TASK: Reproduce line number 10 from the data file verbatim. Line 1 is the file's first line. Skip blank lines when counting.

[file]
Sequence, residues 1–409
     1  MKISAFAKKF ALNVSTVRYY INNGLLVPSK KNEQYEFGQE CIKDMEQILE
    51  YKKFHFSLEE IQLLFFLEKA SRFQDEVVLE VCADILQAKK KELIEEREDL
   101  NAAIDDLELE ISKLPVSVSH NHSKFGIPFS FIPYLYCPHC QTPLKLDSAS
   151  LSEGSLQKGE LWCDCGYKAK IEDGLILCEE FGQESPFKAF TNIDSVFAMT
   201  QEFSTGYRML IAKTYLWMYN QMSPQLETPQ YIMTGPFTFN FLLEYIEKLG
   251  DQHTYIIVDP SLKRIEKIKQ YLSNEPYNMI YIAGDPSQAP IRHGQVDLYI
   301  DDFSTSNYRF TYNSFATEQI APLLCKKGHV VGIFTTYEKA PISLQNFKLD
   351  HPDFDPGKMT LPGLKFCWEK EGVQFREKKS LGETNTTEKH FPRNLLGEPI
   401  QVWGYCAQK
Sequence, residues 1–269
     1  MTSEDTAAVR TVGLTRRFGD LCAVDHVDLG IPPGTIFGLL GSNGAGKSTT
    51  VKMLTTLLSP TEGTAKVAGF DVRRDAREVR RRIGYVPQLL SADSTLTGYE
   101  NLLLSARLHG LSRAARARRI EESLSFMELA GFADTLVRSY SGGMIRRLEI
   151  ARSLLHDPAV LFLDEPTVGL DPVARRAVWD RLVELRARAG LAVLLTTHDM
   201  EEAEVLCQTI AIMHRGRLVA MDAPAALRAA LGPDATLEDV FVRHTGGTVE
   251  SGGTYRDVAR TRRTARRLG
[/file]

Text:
   401  QVWGYCAQK